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Serum sodium and hydration status predict transplant-free survival independent of MELD score in patients with cirrhosis.
J Gastroenterol Hepatol. 2008 Feb; 23(2):239-43.JG

Abstract

BACKGROUND AND AIM

Serum sodium may have prognostic value in addition to the model for end-stage liver disease (MELD) score for prediction of early mortality in patients listed for liver transplant. In patients with cirrhosis, over-hydration is a common feature but its prognostic value has not been evaluated. This study examines the independent prognostic significance of MELD, serum sodium and hydration status on long-term survival in patients with cirrhosis.

METHODS

Serum sodium and hydration (total body water as a percentage of fat-free mass) were measured in 227 consecutive cirrhotic patients (146 male, 81 female; median age 49 years, range 19-73 years; median MELD score 13, range 6-36). Patients with hepatocellular carcinoma or listed for liver transplantation at the time of initial assessment were excluded. A competing risks Cox proportional hazards analysis was performed to evaluate the influence of MELD, sodium and hydration on risk of death or transplant.

RESULTS

Median follow-up was 52 (range 4-93) months. Serum sodium and hydration were each associated with reduction in time to death or transplant on univariate analysis (sodium: hazard ratio [HR] 0.90, 95% confidence interval [CI] 0.87-0.94, P < 0.0001; hydration: HR 1.20, 95% CI 1.10-1.30, P < 0.0001). On multivariate analysis, MELD, serum sodium and hydration were independently predictive of death or transplant (MELD: HR 1.12, 95% CI 1.06-1.19, P < 0.0001; sodium: HR 0.93, 95% CI 0.87-0.99, P = 0.04; hydration: HR 1.17, 95% CI 1.02-1.33, P = 0.02).

CONCLUSIONS

In non-waitlisted patients with cirrhosis, serum sodium is predictive of transplant or death independent of MELD score.

Authors+Show Affiliations

Department of Surgery, University of Auckland, Auckland, New Zealand.No affiliation info availableNo affiliation info availableNo affiliation info available

Pub Type(s)

Journal Article
Research Support, Non-U.S. Gov't

Language

eng

PubMed ID

17489965

Citation

Mathur, Sachin, et al. "Serum Sodium and Hydration Status Predict Transplant-free Survival Independent of MELD Score in Patients With Cirrhosis." Journal of Gastroenterology and Hepatology, vol. 23, no. 2, 2008, pp. 239-43.
Mathur S, Gane EJ, McCall JL, et al. Serum sodium and hydration status predict transplant-free survival independent of MELD score in patients with cirrhosis. J Gastroenterol Hepatol. 2008;23(2):239-43.
Mathur, S., Gane, E. J., McCall, J. L., & Plank, L. D. (2008). Serum sodium and hydration status predict transplant-free survival independent of MELD score in patients with cirrhosis. Journal of Gastroenterology and Hepatology, 23(2), 239-43.
Mathur S, et al. Serum Sodium and Hydration Status Predict Transplant-free Survival Independent of MELD Score in Patients With Cirrhosis. J Gastroenterol Hepatol. 2008;23(2):239-43. PubMed PMID: 17489965.
* Article titles in AMA citation format should be in sentence-case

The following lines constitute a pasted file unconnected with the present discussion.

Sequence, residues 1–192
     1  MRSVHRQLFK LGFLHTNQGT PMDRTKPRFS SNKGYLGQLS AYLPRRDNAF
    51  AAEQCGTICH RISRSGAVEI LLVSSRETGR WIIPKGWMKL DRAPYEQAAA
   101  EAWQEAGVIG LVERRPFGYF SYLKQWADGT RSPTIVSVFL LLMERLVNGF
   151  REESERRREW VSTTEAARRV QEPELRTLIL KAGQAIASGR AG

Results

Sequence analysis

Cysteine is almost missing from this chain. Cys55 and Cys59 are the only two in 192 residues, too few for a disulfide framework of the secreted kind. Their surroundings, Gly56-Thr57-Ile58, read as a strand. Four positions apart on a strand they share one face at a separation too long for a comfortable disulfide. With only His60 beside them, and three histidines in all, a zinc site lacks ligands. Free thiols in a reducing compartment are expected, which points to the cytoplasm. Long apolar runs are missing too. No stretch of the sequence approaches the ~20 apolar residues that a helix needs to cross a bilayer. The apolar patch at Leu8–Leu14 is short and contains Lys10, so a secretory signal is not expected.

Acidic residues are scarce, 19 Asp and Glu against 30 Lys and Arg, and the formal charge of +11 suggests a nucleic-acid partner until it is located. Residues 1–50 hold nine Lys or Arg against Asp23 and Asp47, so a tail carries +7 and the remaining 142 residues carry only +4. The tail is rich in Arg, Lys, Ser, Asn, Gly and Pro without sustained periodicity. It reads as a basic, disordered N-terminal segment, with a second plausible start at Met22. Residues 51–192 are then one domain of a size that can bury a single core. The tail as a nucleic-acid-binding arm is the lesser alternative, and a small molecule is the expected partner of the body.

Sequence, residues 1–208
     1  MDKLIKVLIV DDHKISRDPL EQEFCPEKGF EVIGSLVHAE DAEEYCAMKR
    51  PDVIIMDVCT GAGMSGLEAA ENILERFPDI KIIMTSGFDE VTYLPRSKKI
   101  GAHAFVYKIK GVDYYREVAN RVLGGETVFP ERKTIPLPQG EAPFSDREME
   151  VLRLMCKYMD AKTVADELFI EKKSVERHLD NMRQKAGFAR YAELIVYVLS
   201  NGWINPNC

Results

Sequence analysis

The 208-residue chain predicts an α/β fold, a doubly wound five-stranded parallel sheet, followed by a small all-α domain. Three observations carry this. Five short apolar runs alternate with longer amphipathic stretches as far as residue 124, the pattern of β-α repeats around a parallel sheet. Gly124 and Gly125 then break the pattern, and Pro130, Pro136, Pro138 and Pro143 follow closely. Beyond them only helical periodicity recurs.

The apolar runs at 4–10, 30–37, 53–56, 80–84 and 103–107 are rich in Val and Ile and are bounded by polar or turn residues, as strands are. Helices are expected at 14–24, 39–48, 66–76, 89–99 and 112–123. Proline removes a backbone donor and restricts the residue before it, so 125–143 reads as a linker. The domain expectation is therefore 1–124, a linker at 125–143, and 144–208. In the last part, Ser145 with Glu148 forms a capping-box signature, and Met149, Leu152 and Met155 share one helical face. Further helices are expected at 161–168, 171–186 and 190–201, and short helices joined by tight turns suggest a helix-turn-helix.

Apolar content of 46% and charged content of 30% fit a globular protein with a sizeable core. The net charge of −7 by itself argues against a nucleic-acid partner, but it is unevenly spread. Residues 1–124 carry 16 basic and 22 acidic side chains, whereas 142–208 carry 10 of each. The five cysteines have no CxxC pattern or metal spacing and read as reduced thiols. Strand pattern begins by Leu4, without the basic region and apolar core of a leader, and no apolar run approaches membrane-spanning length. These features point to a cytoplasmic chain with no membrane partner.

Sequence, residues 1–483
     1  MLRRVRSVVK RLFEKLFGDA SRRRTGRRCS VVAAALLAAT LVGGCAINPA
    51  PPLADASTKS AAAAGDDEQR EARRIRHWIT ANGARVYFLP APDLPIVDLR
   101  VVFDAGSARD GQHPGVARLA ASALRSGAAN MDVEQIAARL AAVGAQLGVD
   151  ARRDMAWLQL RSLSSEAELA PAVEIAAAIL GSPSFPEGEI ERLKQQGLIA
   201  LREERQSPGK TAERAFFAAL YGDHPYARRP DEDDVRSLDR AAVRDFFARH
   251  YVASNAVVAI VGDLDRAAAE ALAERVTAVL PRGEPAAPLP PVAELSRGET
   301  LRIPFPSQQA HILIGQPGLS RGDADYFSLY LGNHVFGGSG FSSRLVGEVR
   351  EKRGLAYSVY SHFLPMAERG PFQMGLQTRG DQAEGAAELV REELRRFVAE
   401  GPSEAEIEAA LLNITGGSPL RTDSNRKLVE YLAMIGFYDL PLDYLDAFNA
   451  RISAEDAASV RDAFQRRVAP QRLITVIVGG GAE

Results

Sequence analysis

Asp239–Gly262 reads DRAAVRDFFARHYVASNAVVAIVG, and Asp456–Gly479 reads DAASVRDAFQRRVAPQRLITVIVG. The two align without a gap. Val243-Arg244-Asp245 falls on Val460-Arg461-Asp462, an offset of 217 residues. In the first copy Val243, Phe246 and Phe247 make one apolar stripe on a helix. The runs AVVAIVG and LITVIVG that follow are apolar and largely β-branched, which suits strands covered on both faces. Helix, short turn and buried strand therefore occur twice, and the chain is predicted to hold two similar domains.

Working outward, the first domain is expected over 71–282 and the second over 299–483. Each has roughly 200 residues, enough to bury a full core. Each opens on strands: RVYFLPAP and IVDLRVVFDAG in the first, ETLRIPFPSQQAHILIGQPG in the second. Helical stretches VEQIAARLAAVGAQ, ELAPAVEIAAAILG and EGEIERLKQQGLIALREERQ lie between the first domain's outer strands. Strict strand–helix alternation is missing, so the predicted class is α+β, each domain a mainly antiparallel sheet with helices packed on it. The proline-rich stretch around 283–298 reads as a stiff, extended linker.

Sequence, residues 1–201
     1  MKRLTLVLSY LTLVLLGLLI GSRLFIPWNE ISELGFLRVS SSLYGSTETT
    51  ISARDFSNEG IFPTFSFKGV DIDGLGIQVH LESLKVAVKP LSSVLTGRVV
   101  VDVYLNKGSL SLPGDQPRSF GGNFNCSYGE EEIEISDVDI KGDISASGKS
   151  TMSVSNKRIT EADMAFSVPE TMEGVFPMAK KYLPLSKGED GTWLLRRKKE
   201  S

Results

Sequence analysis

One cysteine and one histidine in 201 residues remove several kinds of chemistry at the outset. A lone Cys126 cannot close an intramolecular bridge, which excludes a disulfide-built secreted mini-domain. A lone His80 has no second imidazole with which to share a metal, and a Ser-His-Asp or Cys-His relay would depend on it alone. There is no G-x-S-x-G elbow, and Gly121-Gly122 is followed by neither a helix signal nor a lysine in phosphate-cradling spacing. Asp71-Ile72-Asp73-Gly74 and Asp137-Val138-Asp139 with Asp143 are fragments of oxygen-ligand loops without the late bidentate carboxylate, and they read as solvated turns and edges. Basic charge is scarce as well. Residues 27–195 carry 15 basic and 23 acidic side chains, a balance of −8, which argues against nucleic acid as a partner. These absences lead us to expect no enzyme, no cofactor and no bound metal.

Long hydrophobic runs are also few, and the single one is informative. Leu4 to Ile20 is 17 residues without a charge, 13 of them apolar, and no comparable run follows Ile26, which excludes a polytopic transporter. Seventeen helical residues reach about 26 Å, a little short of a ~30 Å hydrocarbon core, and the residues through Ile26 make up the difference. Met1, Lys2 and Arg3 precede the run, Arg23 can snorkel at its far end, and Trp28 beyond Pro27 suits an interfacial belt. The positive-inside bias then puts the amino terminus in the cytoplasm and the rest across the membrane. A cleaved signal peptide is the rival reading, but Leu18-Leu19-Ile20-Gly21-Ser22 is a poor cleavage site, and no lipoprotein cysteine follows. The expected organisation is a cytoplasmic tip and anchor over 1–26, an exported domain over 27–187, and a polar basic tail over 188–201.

TY - JOUR T1 - Serum sodium and hydration status predict transplant-free survival independent of MELD score in patients with cirrhosis. AU - Mathur,Sachin, AU - Gane,Edward J, AU - McCall,John L, AU - Plank,Lindsay D, Y1 - 2007/04/19/ PY - 2007/5/11/pubmed PY - 2008/4/4/medline PY - 2007/5/11/entrez SP - 239 EP - 43 JF - Journal of gastroenterology and hepatology JO - J. Gastroenterol. Hepatol. VL - 23 IS - 2 N2 - BACKGROUND AND AIM: Serum sodium may have prognostic value in addition to the model for end-stage liver disease (MELD) score for prediction of early mortality in patients listed for liver transplant. In patients with cirrhosis, over-hydration is a common feature but its prognostic value has not been evaluated. This study examines the independent prognostic significance of MELD, serum sodium and hydration status on long-term survival in patients with cirrhosis. METHODS: Serum sodium and hydration (total body water as a percentage of fat-free mass) were measured in 227 consecutive cirrhotic patients (146 male, 81 female; median age 49 years, range 19-73 years; median MELD score 13, range 6-36). Patients with hepatocellular carcinoma or listed for liver transplantation at the time of initial assessment were excluded. A competing risks Cox proportional hazards analysis was performed to evaluate the influence of MELD, sodium and hydration on risk of death or transplant. RESULTS: Median follow-up was 52 (range 4-93) months. Serum sodium and hydration were each associated with reduction in time to death or transplant on univariate analysis (sodium: hazard ratio [HR] 0.90, 95% confidence interval [CI] 0.87-0.94, P < 0.0001; hydration: HR 1.20, 95% CI 1.10-1.30, P < 0.0001). On multivariate analysis, MELD, serum sodium and hydration were independently predictive of death or transplant (MELD: HR 1.12, 95% CI 1.06-1.19, P < 0.0001; sodium: HR 0.93, 95% CI 0.87-0.99, P = 0.04; hydration: HR 1.17, 95% CI 1.02-1.33, P = 0.02). CONCLUSIONS: In non-waitlisted patients with cirrhosis, serum sodium is predictive of transplant or death independent of MELD score. SN - 1440-1746 UR - https://www.unboundmedicine.com/medline/citation/17489965/Serum_sodium_and_hydration_status_predict_transplant_free_survival_independent_of_MELD_score_in_patients_with_cirrhosis_ L2 - https://doi.org/10.1111/j.1440-1746.2007.04891.x DB - PRIME DP - Unbound Medicine ER -